Each of the process cartridges 101C, 101M, and 101Bk has a configuration similar to, even if not the same as, the configuration of the process cartridge 101Y. Toner images of cyan, magenta, and black are transferred from the process cartridges 101C, 101M, and 101Bk, respectively, to the transfer device 107.

The transfer device 107 includes a transfer belt 107a, a driving roller 107b, a tension roller 107c, primary transfer rollers 107dY, 107dC, 107dM, and 107dBk, and a secondary transfer roller 107e. The transfer belt 107a is an endless-shaped belt, which has no terminal end, stretched taut between and around the driving roller 107b and the tension roller 107c. As the driving roller 107b and the tension roller 107c rotate, the transfer belt 107a rotates, or moves in cycles, in a rotational direction indicated by arrow A in FIG. 1.

The transfer belt 107a contacts the process cartridges 101Y, 101C, 101M, and 101Bk at area of contacts to form primary transfer nips between the transfer belt 107a and the process cartridges 101Y, 101C, 101M, and 101Bk, respectively. The primary transfer rollers 107dY, 107dC, 107dM, and 107dBk area applied with transfer biases of +400 V to +2500 V from a single high voltage power supply to form transfer electric fields. The secondary transfer roller 107e presses an outer circumferential surface of the transfer belt 107a, thereby pressing against the driving roller 107b via the transfer belt 107a. Thus, an area of contact, herein called a secondary transfer nip, is formed between the secondary transfer roller 107e and the transfer belt 107a.

The belt cleaning device 108 is disposed between the secondary transfer nip and the process cartridge 101Y in the rotational direction A of the transfer belt 107a. The belt cleaning device 108 includes a toner remover and the toner conveyance tube. The toner remover removes residual toner, which remains on the outer circumferential surface of the transfer belt 107a, from the transfer belt 107a. The residual toner thus removed is conveyed as waste toner through the toner conveyance tube to the waste toner container.

The sheet feeding device 109 is disposed at a lower part of the apparatus body 100A and includes a sheet tray 109a and a sheet feeding roller 109b. The sheet tray 109a accommodates recording sheets of paper P (hereinafter, sheets P) as recording media. The sheet feeding roller 109b picks up an uppermost sheet P from the sheets P on sheet tray 109a sheet by sheet, and feeds the uppermost sheet P to the conveyance passage.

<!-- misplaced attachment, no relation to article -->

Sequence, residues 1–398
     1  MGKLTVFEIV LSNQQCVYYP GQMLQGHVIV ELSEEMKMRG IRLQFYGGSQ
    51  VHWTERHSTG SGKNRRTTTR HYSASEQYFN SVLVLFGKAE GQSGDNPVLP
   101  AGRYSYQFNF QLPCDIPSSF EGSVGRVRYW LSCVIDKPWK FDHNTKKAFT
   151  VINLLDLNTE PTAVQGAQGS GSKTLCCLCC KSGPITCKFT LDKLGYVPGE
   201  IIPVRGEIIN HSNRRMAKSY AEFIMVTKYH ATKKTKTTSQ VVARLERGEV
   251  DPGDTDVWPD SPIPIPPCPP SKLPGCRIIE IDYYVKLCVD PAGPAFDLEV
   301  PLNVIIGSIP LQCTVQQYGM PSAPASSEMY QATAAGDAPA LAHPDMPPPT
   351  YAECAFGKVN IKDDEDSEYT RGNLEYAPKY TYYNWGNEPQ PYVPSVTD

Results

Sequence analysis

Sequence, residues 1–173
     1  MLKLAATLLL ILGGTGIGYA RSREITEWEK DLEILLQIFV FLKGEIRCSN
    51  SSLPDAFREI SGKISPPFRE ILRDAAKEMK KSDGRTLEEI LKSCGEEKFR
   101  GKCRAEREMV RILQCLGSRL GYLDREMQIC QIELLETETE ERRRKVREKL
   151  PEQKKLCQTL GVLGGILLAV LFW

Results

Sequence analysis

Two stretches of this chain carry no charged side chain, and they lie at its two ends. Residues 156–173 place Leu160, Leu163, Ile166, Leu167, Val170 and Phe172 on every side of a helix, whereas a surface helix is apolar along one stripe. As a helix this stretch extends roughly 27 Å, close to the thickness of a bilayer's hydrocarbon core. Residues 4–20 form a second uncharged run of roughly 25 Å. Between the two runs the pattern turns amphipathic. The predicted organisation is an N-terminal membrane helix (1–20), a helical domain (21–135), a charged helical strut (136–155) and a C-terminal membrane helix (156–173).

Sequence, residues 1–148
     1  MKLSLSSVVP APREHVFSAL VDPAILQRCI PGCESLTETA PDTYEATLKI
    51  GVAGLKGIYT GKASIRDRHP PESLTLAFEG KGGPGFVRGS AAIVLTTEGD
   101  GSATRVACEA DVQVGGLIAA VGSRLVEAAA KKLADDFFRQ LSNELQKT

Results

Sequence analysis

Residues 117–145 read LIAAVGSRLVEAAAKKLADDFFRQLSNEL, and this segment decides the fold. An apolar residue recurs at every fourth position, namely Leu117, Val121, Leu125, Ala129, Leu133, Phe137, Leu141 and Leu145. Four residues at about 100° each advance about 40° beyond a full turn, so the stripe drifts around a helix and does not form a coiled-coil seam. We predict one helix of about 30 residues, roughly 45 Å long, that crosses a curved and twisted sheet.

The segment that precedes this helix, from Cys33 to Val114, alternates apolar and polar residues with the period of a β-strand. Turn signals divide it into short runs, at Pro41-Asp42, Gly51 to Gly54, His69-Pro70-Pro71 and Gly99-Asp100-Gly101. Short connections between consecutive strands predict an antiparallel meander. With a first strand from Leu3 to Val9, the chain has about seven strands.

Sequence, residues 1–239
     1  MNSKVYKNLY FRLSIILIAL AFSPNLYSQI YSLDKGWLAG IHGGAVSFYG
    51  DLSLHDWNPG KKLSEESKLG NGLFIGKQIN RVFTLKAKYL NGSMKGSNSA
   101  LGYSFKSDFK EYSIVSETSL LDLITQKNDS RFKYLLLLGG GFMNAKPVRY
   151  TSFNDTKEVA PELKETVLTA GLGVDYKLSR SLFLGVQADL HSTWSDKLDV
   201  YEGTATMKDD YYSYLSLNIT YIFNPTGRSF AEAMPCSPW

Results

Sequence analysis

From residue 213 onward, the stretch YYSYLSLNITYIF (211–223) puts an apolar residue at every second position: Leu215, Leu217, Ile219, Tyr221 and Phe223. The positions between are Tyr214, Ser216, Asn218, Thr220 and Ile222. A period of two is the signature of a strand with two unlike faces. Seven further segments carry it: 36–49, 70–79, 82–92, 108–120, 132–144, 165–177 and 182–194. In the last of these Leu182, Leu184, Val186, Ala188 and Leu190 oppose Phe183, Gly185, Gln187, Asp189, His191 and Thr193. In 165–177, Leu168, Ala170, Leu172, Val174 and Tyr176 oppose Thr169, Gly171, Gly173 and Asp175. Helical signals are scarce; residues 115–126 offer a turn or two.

A sheet ejection unit 110 disposed above the optical writing device 102 and atop the apparatus body 100A. The sheet ejection unit 110 includes a sheet ejection tray 110a and a sheet ejection roller pair 110b. The sheet ejection roller pair 110b ejects a sheet P bearing an image onto the sheet ejection tray 110a. In sheet ejection unit 110, sheets P ejected from the conveyance passage by the sheet ejection roller pair 110b are stacked one on another.

A registration roller pair 111 adjusts conveyance of the sheet P along the conveyance passage, after the sheet P is fed by the sheet feeding roller 109b of the sheet feeding device 109.

For example, a registration sensor is interposed between the sheet feeding roller 109b and the registration roller pair 111 on the conveyance passage inside the apparatus body 100A to detect a leading end of the sheet P conveyed along the conveyance passage. When a predetermined time elapses after the registration sensor detects the leading end of the sheet P, the registration roller pair 111 interrupts rotation to temporarily halt the sheet P that comes into contact with the registration roller pair 111. The registration roller pair 111 is timed to resume rotation while sandwiching the sheet P to convey the sheet P to the secondary transfer nip. For example, the registration roller pair 111 resumes rotation in synchronization with a composite color toner image, constituted of the toner images of yellow, cyan, magenta, and black superimposed one atop another on the transfer belt 107a, reaching the secondary transfer nip as the transfer belt 107a rotates in the rotation direction A.